• In most settings, people who have enough money to pay for cocaine – and who are familiar with a
    supplier – are able to obtain the drug despite its illegality.
  • In many settings, cocaine users complained about the level of corruption among law enforcement
    officials and alleged abuses of human rights. Users made it clear that such abuses and exploitation
    would generally not be effective in changing their drug use behaviour.
  • Coca paste use may be increasing in Andean countries and crack, use appears to be increasing in
    Nigeria and Brazil.
  • Cocaine injection rates appear to be relatively stable and at low levels relative to the injection of
    other drugs.
  • Most countries believe there needs to be more assessment of the adverse effects of current drug
    policies and strategies.
  • Some countries have shifted the focus of their drug policy to a broad range of goals in which
    abstinence is appropriate for non-users and some users of coca products, while other users are
    encouraged to use the drug as safely as possible.

‘COCAINE PROJECT’ – WHO REPORT

Wikileaks.org reports:

Reference to the study can be found in the UNICRI (United Nations Interregional Institute of Crime Investigation) library, where it is still marked as “RESTRICTED”[1]

The Director of the PSA, Hans Emblad, sent a copy of the Briefing Kit to the United Nations Drugs Control Programme (UNDCP), where it caused a sensation. Two months later, on 9 May 1995 in Commission B of the forty-eighth General Health Assembly, the destiny of these years of labour was determined by the intervention of the representative of the United States of America, Mr Boyer. He expressed his government’s concern with the results of this study: “which seem to make a case for the positive uses of cocaine, claiming that use of the coca leaf did not lead to noticeable damage to mental or physical health, that the positive health effects of coca leaf chewing might be transferable from traditional settings to other countries and cultures and that coca production provides financial benefits to peasants”.

The representative said that his government considered suspending funds to WHO research if “activities related to drugs failed to reinforce proven drug control approaches.” In reply, the representative of the Director General defended the study claiming it was “an important and objective analyses done by the experts”, which “represented the views of the experts, and did not represent the stated policy position of the WHO, and WHO’s continuing policy, which was to uphold the scheduling under the convention.” It was not the intention to publish the study in its current form, the representative explained as it might lead to “misunderstanding.” The debate concluded with agreement on a peer review by “genuine experts.”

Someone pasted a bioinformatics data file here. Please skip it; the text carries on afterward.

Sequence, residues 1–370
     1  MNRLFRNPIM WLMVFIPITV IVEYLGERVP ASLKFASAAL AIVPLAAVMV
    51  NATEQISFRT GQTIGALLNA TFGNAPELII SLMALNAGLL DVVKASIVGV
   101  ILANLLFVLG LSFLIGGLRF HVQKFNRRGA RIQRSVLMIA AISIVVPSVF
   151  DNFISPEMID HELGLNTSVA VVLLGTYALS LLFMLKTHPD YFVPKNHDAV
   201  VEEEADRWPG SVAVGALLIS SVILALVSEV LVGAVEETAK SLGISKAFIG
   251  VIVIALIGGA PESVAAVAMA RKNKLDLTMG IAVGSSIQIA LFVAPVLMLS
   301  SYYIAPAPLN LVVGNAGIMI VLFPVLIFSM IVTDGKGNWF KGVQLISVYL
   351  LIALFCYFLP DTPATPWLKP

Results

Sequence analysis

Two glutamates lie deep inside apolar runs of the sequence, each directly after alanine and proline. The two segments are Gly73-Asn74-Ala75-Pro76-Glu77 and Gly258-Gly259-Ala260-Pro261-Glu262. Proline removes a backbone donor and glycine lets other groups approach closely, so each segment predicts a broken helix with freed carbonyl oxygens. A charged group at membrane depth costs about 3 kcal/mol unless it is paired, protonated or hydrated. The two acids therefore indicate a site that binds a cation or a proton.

“The United States Government considered that, if WHO activities relating to drugs failed to reinforce proven drug control approaches, funds for the relevant programmes should be curtailed. In view of the gravity of the matter, he asked the Director-General for an assurance that WHO would dissociate itself from the conclusions of the study and that, in substance abuse activities, an approach would not be adopted that could be used to justify the continued production of coca.”

Peer review is a fundamental part of every scientific study, including those of the WHO. The timeline set for the peer review procedure was programmed in the terms of reference as to be concluded by 30 September 1997. In fact, from March 1995, names of potential researchers were listed and, in accordance with procedure, sent to the US National Institute of Drug Abuse (NIDA) in charge of selecting the candidates. Over the course of almost two years, an intensive fax exchange took place whereby the PSA proposed names and NIDA answered by refusing each and every one of them.

There has been no formal end to this ‘Cocaine Initiative’. The majority of the participating scientists never heard what was done with their work.[2]

The document was obtained by the unaligned think tank, the Transnational Institute.